Fig11_1planetary_nebula_hs-2000-12-a-full_tif.jpg

Fig11_1planetary_nebula_hs-2000-12-a-full_tif.jpg

Fig. 11.1 . When a Sun-like star uses up its nuclear fuel, the starís center collapses into an Earth-sized white dwarf star while its outer gas layers are ejected into space. Such a planetary nebula is named after its round shape, which resembles a planet as seen visually in small telescopes, and has nothing to do with planets. The shells of gas in the planetary nebula NGC 6751, shown here, were ejected several thousand years ago. The hot stellar core, exposed by the expulsion of the material surrounding it, has a disk temperature of about 140,000 K. Its intense ultraviolet radiation causes the ejected gas to fluoresce as a planetary nebula. (A Hubble Space Telescope image courtesy NASA/STScI/AURA/Hubble Heritage Team.)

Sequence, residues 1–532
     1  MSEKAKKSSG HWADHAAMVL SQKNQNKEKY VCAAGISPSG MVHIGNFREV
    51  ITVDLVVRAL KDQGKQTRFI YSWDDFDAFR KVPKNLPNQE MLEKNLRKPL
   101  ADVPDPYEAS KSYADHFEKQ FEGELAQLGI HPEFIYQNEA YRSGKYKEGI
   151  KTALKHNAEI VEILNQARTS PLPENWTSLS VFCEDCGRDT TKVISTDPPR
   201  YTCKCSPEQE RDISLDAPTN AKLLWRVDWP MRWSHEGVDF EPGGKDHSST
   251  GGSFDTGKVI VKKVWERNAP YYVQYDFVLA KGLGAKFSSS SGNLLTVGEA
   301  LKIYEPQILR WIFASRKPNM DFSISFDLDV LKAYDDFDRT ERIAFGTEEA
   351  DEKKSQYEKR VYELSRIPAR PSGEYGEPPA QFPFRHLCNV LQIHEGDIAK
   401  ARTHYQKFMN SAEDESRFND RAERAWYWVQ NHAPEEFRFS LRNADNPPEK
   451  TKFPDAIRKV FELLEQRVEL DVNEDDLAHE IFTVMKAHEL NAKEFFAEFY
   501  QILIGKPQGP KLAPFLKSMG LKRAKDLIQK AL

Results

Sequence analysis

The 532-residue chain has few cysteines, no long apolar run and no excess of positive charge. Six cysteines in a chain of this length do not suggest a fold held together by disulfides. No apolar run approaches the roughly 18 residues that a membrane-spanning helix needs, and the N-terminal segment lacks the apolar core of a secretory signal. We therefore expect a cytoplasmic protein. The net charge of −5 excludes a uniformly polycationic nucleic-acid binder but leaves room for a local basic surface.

Copyright 2010, Professor Kenneth R. Lang, Tufts University